Bill Blasky (@bill_blasky): It seems like the best thing for the Pistons is to try to turn their cap space into trades to either absorb a contract and get an extra pick as a thank you (a Tony Snell-type deal) or use the space to trade for a good player that another team just wants to move the contract on?


Langlois:
Troy Weaver talked about that as something on the spectrum of possibilities. I don’t think he was just saying that for the benefit of peers across the league or to prevent himself from being boxed in, either. Here’s what Weaver said last week when asked if the Pistons were intent on using their cap space to chase upper-end free agents or to acquire assets: “Both things are on the table. I don’t know who you consider big free agents, but we plan on talking to guys that we’re very interested in, for sure, and also leveraging cap space to get assets. It’s a juggling act, a balancing act, with being competitive on the forefront of that tied into not mortgaging the future.” And when you talk about a “Tony Snell-type deal,” it’s also possible that Snell is at the center of another one of those. Last year the Pistons took him on and got Milwaukee’s pick at No. 30 because of the extra year he had on his contract over Jon Leuer, who was subsequently waived and stretched by the Bucks. Perhaps this year the Pistons use Snell, entering the final year of his contract, to take on a player with more than one season left and are rewarded with a sweetener.


Jamara (Taylor, Mich.): Do you see the Pistons being aggressive in the free-agent and trade market?


Langlois:
Depends on how you describe aggressive. I don’t think they’ll rush to overpay and hand out long-term contracts just to ensure the roster is marginally better. I do think they’ll use all of their cap space in one way or another for 2020-21. That means they’ll pursue a free agent or two at the right point in his career, meaning someone they wouldn’t be paying past his prime, necessarily. It means looking for ways to add future draft capital by taking on contracts from another team, trading their cap space for future assets in one form or another. They want to field a competitive team this season but they aren’t going to go all out to try for a playoff spot in 2020-21 to the detriment of keeping the door open to improvement in 2021-22 and beyond.


Duke Billingslea (@neon3853): Under the agreed-upon CBA, do teams still need to spend up to 90 percent of their cap like in previous seasons? Can they hold on to their cap space and use it for next year?


Langlois:
I haven’t seen the agreement or heard specifically on that point, but I suspect it’s probably a moot point. There are only a handful of teams with cap space beyond the mid-level exception. The Pistons have more cap space, about $30 million, than all but two teams, Atlanta and New York, and it sure sounds like they are intent on using it. “Save it for next year” isn’t really a great use of your space. It’s not like if you don’t use $20 million in cap space this year, you can add $20 million on top of the cap next year. And it’s not like if you use all of your space this season, you’re locked in as a capped-out team the next season. The only salary of eight figures currently on the 2021-22 cap sheet is Blake Griffin’s nearly $39 million. Bruce Brown, Khyri Thomas and Svi Mykhailiuk – assuming all three contracts are either picked up or fully guaranteed by the Pistons for 2020-21 – will be due for new deals. Luke Kennard has a qualifying offer of $7.2 million. The Pistons should have plenty of cap space for 2021-22. If they don’t, it means they’ve either signed a significant free agent this off-season or traded for a player with multiple seasons left on his contract, presumably adding draft capital in the process. I suspect the Pistons, after making a few significant moves, will fill out the roster this year with a series of short-term deals that won’t have much impact on their cap sheet beyond this season.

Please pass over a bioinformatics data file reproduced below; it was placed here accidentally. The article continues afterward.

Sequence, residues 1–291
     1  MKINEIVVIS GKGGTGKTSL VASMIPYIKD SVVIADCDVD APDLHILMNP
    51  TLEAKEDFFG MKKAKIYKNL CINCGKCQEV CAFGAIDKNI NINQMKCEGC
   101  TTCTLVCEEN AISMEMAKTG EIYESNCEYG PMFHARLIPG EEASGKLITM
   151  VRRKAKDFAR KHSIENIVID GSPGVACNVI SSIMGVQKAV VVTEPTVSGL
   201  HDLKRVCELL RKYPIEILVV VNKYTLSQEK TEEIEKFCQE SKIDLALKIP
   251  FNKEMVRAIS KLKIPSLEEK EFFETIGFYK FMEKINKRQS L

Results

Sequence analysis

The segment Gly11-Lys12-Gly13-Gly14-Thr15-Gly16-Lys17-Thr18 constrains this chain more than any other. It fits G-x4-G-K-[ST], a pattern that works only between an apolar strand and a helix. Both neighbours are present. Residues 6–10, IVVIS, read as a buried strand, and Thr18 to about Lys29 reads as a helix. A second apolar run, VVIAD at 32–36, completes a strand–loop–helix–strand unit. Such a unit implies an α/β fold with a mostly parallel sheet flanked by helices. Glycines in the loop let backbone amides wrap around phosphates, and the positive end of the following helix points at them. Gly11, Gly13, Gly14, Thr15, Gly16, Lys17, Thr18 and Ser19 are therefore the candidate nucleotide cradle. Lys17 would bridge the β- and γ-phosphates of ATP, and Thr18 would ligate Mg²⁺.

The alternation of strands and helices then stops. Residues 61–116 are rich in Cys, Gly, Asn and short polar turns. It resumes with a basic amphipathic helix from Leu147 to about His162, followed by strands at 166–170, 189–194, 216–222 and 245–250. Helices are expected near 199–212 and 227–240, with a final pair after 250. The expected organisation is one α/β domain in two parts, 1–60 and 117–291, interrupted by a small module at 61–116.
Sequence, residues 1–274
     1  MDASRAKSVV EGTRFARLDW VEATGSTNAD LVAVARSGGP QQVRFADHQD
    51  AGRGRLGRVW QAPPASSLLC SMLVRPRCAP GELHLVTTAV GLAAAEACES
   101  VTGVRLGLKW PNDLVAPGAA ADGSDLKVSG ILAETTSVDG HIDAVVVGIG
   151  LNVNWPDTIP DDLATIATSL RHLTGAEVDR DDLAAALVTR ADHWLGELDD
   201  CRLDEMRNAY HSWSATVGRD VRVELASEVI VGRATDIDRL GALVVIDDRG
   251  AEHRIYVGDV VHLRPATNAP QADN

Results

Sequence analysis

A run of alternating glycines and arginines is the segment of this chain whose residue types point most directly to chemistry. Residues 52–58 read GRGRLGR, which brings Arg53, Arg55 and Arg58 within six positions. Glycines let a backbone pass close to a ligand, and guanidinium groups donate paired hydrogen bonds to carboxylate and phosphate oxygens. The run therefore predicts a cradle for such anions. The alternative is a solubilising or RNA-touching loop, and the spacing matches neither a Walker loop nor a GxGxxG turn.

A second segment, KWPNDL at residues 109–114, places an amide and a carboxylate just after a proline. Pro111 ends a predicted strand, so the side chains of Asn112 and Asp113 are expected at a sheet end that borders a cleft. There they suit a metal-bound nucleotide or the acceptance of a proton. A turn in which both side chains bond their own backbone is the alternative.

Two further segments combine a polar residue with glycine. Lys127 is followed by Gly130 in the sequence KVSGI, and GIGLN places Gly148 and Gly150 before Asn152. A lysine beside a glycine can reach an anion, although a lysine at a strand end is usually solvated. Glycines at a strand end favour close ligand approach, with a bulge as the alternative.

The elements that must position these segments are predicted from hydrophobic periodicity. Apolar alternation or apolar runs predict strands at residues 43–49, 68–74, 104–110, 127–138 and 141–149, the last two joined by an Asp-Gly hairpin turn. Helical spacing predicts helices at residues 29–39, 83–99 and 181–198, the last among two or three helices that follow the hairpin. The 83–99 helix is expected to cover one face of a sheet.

Peter (Jackson, Mich.): Stan Van Gundy was a good coach, but he destroyed the Pistons as a general manager. We could have had Devin Booker and Donovan Mitchell as our backcourt of the future instead of drafting Stanley Johnson and Luke Kennard. If Troy Weaver blows this year’s pick and we don’t sign Christian Wood in free agency, the Pistons will be stuck in mediocrity for another decade. Your thoughts?


Langlois:
Van Gundy openly admitted in the days following the 2015 draft that the decision to take Johnson over Booker was an agonizing one that sparked spirited debate inside the draft room. It wasn’t quite as clear that Mitchell would have been the pick if Kennard hadn’t been taken 12th in 2017. In fact, the Pistons were captivated by Bam Adebayo, who went 14th after Mitchell. The tiebreaker for the front office was that they felt Adebayo wouldn’t have much opportunity to help anytime soon with Andre Drummond, 23 at the time of the 2017 draft, one year into a five-year deal and seen as a franchise cornerstone. It’s a graphic reminder of how critical those decisions are on the fates of a franchise – and on the people charged with making them. Van Gundy has to own them, of course, but there was very little consensus after either the 2015 or ’17 drafts that the Pistons had erred. Yes, Mitchell had his backers among Pistons fans, but the broad consensus of opinion going into that draft didn’t have Mitchell pegged ahead of Kennard. Kennard was generally considered ahead of Mitchell by a slight margin. Johnson was widely considered ahead of Booker. If the Pistons had taken Booker over Johnson (and Justise Winslow, who was the more popular pick), there would have been howls that night.